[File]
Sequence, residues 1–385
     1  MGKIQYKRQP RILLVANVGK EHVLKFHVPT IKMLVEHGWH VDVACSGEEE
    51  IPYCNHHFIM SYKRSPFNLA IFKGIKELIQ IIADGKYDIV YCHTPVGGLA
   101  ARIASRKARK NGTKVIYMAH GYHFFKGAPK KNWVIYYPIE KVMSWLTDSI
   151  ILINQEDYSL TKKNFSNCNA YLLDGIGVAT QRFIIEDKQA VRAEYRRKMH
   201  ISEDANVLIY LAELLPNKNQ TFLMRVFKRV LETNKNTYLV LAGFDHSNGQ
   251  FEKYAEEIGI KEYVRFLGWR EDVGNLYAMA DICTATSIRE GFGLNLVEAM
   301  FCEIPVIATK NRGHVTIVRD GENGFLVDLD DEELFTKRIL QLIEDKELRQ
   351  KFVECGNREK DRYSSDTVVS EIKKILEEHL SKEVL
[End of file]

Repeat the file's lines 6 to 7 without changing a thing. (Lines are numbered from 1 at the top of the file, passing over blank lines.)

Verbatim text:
   201  ISEDANVLIY LAELLPNKNQ TFLMRVFKRV LETNKNTYLV LAGFDHSNGQ
   251  FEKYAEEIGI KEYVRFLGWR EDVGNLYAMA DICTATSIRE GFGLNLVEAM